Countryside campaigners have said they are delighted with a High Court ruling that farmers need planning permission to put up plastic polytunnels.
Polytunnels are used to grow frost-sensitive fruit
The test case was brought by the owner of Tuesley Farm, near Godalming, Surrey, after Waverley Borough Council ordered its polytunnels to be removed.
The farm had argued the polytunnels were an "agricultural use of land" and therefore exempt from planning rules.
Soft fruit growers said the ruling put at risk Britain's £200m industry.
The Hall Hunter Partnership bought Tuesley Farm in 2003 and grows strawberries, raspberries and blackberries there.
Polytunnels were erected between March and November 2004, but the council issued planning enforcement notices ordering them to be taken down because they did not have planning permission.
A planning inspector upheld the council's decision after a 13-day planning inquiry.
More than 80 families living nearby, who described the tunnels as a "blight on this scenic landscape" led a fierce campaign against them.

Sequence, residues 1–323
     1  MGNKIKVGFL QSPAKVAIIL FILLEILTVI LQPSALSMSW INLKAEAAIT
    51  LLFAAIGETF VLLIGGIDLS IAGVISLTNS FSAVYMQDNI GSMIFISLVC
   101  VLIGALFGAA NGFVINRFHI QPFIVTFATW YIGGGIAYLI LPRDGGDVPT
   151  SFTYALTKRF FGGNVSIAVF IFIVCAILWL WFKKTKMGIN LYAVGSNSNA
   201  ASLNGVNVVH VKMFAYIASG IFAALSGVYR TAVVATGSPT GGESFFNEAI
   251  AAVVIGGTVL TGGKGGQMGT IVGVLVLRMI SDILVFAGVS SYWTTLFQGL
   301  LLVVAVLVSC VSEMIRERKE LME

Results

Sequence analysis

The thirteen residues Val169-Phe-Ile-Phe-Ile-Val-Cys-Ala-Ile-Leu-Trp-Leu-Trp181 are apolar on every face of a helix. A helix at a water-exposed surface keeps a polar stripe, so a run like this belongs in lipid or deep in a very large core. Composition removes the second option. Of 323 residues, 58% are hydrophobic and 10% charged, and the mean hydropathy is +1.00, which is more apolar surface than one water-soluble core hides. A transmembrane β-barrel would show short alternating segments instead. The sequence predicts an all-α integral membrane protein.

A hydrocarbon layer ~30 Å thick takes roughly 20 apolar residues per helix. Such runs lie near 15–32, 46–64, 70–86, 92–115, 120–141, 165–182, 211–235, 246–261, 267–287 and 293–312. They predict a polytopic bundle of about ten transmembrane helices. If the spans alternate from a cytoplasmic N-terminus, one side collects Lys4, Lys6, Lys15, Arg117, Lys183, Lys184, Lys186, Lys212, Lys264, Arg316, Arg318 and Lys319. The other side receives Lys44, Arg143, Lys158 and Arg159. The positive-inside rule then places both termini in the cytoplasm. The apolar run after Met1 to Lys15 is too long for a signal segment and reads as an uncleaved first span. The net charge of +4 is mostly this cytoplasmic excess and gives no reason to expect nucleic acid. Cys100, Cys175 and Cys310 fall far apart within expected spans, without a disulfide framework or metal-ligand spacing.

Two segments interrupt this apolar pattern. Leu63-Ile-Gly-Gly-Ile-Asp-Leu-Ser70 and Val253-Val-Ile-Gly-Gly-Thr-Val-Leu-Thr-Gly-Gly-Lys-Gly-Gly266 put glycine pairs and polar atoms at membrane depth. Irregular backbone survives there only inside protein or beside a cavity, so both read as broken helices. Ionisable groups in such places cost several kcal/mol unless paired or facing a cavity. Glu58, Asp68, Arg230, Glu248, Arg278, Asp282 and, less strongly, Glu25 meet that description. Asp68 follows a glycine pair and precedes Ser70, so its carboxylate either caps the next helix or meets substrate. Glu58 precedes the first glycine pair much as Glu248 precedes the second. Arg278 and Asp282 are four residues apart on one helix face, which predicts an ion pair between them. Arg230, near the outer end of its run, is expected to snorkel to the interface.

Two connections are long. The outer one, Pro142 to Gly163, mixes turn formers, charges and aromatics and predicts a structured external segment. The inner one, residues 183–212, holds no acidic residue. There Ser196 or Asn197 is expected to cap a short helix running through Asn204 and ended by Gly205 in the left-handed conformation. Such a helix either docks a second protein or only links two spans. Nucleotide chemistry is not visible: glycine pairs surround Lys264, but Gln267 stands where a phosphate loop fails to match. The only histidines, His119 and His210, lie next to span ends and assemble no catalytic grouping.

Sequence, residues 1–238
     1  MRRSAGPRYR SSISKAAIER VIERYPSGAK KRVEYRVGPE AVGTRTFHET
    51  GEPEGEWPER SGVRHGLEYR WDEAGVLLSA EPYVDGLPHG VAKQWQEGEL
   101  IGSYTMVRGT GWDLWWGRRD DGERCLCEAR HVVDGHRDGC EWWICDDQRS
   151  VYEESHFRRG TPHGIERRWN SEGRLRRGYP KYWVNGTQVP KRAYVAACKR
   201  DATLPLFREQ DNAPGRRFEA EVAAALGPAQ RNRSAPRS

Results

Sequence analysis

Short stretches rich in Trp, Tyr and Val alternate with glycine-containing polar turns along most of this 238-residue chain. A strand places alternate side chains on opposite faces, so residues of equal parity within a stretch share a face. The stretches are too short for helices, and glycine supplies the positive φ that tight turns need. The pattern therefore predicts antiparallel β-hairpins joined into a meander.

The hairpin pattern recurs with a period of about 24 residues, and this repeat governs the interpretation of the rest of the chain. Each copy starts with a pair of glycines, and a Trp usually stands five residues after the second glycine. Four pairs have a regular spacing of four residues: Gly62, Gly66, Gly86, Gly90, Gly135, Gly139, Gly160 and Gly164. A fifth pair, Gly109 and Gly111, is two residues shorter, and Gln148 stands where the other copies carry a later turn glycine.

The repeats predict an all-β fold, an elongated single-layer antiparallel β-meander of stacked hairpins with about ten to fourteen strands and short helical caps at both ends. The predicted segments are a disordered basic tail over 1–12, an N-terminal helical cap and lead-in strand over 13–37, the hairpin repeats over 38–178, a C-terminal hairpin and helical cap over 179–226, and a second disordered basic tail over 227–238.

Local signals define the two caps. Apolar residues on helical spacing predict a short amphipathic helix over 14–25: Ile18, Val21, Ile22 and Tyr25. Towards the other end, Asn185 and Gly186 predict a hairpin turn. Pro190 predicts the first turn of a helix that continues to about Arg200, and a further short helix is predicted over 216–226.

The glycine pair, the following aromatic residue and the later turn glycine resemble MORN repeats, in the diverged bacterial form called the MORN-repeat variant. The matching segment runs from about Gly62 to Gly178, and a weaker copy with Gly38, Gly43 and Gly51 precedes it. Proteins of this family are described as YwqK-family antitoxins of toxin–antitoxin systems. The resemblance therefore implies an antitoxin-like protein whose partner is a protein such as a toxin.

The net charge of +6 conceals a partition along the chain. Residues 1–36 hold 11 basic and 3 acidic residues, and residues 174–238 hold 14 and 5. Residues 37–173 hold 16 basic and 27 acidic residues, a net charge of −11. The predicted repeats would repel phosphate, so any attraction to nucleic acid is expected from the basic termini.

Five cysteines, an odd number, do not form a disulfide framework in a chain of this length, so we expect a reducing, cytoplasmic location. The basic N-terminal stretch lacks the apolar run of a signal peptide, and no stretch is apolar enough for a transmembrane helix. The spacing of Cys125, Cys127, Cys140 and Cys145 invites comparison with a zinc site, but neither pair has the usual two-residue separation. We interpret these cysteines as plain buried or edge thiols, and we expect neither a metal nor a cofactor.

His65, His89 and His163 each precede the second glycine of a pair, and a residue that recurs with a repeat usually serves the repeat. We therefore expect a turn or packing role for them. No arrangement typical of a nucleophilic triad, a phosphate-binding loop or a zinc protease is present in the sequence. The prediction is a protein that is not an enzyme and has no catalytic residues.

Tim Harrold, Surrey chairman of the Campaign to Protect Rural England, (CPRE) said it would be celebrating with the community.
"It is a wonderful result because people have stood up and been counted defending some of the most important countryside we have," he said.
"It is not unreasonable to expect landowners to obtain planning consent."
The CPRE said the landmark decision was seen as important guidance for other parts of the country such as Gloucestershire, Kent, Herefordshire and Worcestershire.
British Summer Fruits, which represents growers of 92% of the UK-produced soft fruit sold in supermarkets, said it could affect the future of one of the UK's most successful areas of agriculture.
"Spanish polytunnels, which are used for protecting berries from our inclement weather, cover a mere 0.01% of UK agricultural land.
"If UK growers are unable to meet the increasing consumer demand for berries then imported fruit will appear on supermarket shelves during our summer season."
The National Farmers' Union said it was disappointed at the ruling and was standing firmly behind the balanced use of crop covers such as Spanish polytunnels.